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Why does Chinese New Year affect my merchandise orders?

It's well known a lot of items are manufactured in the far east, but why does Chinese New Year affect the production of promotional merchandise more than other household items?

What is Chinese New Year?

Chinese New Year is a two week festival celebrating the start of a new lunar year. 2024 is the Year of the Dragon in Chinese culture.

Why and how is my merchandise order affected?

The majority of factories in China shut down for the two week festival. This means that any orders produced in Chinese factories need to be finished and despatched before the break begins. 

Afterwards, when production begins again, there is usually a backlog, so your items will take longer than usual to reach you. This means affected items could take 5-6 weeks to arrive instead of the usual 3-4 weeks.

Why is not everything made in China affected?

While much promotional merchandise is made in China, it is not all made 'complete'. Many popular items such as notebooks, pens and bags will often be bulk manufactured without branding, in all manner of colours, and stored 'on the shelf' in the UK or Europe, ready for printing locally as and when needed.

It's the more bespoke items like lanyards, metal badges, wristbands and bespoke moulded items that are made from raw components, and are not as easily overprinted - and the results are far better when made from scratch.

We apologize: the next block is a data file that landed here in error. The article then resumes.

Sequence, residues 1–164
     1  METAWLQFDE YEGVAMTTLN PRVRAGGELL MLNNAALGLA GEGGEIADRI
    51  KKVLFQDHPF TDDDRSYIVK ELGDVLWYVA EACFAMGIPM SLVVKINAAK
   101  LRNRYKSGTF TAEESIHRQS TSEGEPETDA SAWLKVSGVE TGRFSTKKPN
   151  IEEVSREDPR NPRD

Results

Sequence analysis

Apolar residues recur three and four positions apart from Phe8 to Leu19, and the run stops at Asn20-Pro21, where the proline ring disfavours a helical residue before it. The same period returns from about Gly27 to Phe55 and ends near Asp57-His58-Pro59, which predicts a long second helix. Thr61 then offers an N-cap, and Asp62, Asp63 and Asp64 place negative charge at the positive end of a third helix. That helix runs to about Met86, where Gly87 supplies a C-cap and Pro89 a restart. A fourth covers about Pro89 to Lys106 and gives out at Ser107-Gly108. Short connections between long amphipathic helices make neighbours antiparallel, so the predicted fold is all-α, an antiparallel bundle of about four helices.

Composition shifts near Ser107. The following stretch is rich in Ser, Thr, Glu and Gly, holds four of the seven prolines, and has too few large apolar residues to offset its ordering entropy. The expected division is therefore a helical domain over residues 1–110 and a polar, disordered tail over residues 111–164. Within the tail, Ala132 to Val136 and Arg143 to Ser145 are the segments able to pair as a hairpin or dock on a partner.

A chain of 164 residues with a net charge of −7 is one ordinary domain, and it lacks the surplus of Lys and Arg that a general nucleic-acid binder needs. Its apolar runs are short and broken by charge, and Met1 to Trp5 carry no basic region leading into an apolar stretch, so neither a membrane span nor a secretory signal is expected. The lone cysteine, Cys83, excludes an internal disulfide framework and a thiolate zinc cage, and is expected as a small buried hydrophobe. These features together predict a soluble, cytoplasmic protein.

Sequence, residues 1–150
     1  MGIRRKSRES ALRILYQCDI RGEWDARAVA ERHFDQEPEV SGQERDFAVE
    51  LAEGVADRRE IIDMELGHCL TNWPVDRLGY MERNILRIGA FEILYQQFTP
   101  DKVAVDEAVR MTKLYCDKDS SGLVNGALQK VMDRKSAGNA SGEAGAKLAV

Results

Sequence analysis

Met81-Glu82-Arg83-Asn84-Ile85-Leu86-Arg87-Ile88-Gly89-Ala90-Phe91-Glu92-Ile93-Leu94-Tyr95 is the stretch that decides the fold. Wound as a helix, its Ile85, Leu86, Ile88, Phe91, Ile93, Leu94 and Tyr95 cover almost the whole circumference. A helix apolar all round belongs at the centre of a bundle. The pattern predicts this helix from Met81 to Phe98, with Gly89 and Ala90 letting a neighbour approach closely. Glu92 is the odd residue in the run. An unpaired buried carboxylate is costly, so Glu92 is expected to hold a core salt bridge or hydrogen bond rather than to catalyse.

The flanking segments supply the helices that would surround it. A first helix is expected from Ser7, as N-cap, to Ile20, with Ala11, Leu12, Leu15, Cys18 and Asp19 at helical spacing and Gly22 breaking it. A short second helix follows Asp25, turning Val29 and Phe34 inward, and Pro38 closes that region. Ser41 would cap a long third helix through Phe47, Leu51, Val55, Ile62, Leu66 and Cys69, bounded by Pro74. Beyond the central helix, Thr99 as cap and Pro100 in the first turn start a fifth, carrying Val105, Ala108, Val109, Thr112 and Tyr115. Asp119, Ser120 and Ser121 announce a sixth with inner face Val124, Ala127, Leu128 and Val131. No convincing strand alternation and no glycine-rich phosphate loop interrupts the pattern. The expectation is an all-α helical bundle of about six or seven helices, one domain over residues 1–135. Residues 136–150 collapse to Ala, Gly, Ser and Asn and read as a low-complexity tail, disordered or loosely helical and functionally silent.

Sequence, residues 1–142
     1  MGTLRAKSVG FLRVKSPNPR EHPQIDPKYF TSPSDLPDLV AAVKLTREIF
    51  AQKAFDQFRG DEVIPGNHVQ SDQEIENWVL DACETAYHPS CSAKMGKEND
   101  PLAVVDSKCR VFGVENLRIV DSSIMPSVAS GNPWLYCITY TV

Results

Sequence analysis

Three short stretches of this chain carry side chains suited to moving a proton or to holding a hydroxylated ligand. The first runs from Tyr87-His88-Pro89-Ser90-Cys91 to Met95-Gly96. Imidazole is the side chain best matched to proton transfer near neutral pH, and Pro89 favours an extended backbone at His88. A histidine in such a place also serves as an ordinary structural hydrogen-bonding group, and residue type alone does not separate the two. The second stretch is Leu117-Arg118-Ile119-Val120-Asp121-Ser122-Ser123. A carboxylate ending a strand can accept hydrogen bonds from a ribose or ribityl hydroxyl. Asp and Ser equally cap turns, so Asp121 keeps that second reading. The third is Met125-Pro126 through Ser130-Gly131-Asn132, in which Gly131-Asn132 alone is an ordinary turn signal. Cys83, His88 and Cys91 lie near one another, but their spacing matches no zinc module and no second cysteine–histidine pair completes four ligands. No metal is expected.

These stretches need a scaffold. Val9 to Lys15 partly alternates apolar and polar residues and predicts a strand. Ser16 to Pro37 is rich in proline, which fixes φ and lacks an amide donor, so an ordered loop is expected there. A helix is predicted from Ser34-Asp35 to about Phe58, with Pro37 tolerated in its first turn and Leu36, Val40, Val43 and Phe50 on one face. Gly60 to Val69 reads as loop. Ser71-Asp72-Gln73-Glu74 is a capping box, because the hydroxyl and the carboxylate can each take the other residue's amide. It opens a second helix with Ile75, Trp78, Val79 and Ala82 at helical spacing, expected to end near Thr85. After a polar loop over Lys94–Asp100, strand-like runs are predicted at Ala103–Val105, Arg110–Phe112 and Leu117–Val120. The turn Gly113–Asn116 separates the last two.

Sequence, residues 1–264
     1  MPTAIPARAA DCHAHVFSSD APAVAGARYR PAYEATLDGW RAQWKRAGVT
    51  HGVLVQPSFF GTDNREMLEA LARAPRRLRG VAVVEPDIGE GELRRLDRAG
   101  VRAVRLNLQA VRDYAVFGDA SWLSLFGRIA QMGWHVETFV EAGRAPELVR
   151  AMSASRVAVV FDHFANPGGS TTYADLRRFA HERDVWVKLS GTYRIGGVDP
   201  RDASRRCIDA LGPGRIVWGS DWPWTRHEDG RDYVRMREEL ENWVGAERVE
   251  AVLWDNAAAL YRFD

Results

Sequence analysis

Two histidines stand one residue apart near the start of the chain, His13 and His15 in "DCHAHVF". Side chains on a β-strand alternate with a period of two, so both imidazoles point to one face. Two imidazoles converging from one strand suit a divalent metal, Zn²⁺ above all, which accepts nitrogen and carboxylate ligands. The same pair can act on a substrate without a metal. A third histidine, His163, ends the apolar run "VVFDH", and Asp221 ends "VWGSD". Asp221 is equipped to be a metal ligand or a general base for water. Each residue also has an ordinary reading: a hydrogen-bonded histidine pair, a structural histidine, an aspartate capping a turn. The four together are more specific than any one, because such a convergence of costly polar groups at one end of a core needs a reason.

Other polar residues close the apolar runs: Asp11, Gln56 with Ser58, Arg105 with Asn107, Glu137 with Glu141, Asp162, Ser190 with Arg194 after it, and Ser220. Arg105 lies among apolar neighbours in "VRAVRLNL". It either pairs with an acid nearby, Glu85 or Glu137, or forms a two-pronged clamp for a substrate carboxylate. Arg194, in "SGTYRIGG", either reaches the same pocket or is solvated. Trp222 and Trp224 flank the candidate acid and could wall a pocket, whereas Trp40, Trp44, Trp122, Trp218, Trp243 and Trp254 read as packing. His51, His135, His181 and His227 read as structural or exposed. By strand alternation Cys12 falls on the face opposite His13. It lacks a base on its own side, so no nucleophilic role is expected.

And of course, much of our extensive product range isn't made in China anyway - we have huge ranges of products manufactured from scratch in the UK, Germany, Italy and elsewhere in Europe.

How can I avoid the delays?

Orders required in February and March should be placed as early in possible to achieve best value.

Depending on the item, we will often have UK manufactured alternatives, too. 

You'll pay a bit more for a UK made item, but the quality is always great. While UK made items often have better lead times year-round, production gets much busier around Chinese New Year, so the usual 5 or 7 day lead times are unlikely at this time.

Are there any other occasions to watch for?

There's also the lesser known Chinese national holiday, which is approximately a week shutdown in September/October, which will impact on lead times in Autumn.

It's also worth bearing in mind our own bank holidays, particularly if Easter is late in the year. You can end up with a six week period in April/May with three bank holidays, which can cause delays in production and courier deliveries.

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